Many declare ‘three is the magic number’. Making his mark on the scene through ‘Zombieland’ and ’30 Minutes Or Less’, ‘Gangster Squad’ marks director Ruben Fleischer’s step up to the big leagues. Even he, mustn’t have anticipated the hampered production the project has had the misfortune of suffering. Reshoots prompted via the tragedy of the Aurora shootings mirroring a memorable ‘cinema burst’ sequence from the film’s glossy trailer, reservations soon reared their ugly heads in many a mind. With the overdue end product finally unleashed.. Does ‘Squad’ succumb to being at the bottom of the ‘food chain’?
Inspired by true events, we’re immediately thrown into the glitz and glam of 1940′s Los Angeles. Looks can be deceiving however, as LA is very much a ’damsel in distress’. With a grisly opening salvo, it’s clear from the outset who runs proceedings. One Mickey Cohen (Sean Penn), a larger than life boxer turned mobster with all the ‘Bada Bing, Bada Boom’ bravado you expect from the genre. Smuggling drugs into the city at the drop of a dime. Corrupting the minds of once morally sound cops. Cohen is at the height of his powers.
Keeping it strictly off the books, respected Chief Bill Parker (Nick Nolte) deems it the perfect opportunity to hire the ‘heavy artillery’ and strike at the heart of his ever increasing empire. Headed up by crime fighting Sergeant John O’Mara played by Josh Brolin, he is bestowed the responsibility of recruiting and forming together an efficient team of street smart ‘outsiders’ to aid him in the fight against Cohen. The crew of misfits includes fellow Sergeant Jerry Wooters (Ryan Gosling), sidetracked as he attempts to romance Cohen’s latest squeeze Grace Faraday (Emma Stone).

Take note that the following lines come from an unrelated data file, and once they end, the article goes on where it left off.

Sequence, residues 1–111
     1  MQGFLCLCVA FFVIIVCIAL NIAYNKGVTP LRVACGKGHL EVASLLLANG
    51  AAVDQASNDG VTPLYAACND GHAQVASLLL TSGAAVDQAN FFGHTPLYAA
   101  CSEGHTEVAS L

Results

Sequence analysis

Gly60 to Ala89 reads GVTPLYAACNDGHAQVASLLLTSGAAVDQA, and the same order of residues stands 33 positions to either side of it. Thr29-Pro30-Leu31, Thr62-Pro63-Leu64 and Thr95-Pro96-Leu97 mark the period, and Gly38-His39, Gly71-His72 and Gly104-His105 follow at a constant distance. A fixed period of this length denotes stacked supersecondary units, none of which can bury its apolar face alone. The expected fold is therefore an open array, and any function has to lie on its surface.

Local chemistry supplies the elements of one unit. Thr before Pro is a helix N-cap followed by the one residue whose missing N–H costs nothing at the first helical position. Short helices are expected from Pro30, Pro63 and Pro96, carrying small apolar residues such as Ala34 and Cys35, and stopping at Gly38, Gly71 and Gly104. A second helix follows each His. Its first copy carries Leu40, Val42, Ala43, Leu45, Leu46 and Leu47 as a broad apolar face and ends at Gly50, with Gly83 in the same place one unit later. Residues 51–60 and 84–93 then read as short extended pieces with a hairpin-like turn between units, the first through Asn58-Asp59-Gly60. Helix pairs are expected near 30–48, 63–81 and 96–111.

‘Gangster Squad’ is far from the serious heavyweight genre entry many anticipated, which may prompt bemusement from hardened cinephiles taking into account the talent involved. Opting for more of a playful and deadpan approach, the film doesn’t quite possess the narrative punch or refinement of the classics it owes a debt to. However, Fleischer still proves efficient in amping up the entertainment value. The brutal bullet littered action sequences are impeccably staged within the confines of such a stylish period production and fittingly explosive, with only the indulgent visual trickery of ‘slo-mo’ wearing thin.
Performance wise, Sean Penn’s portrayal of Mickey Cohen inevitably steals the show. Spouting his venomous dialogue with almost a gleeful sense of enthusiasm, his memorable villain may make you wonder if Flesicher was aiming for ‘pastiche’ here. Elsewhere, Gosling’s dry wit is on display once again as he slaughters the ‘gung-ho’ approach of his team, whilst retaining the magnetic intensity that has made him a household name.
The cameraderie between the ’team’ is undeniable, with the likes of Robert Patrick, Giovanni Ribisi and Anthony Mackie developing a fun dynamic to proceedings. Unfortunately chained to the superficial handling of her beautiful ’femme fatale’, Emma Stone however is fatally underused and offered little opportunity to rekindle the spunky chemistry with Gosling born out of ‘Crazy Stupid Love’.
Granted, it never threatens to reach the giddy heights of its illustrious genre counterparts. Nonetheless, ‘Gangster Squad’ is still a slick and unashamedly entertaining film further elevated by its game cast.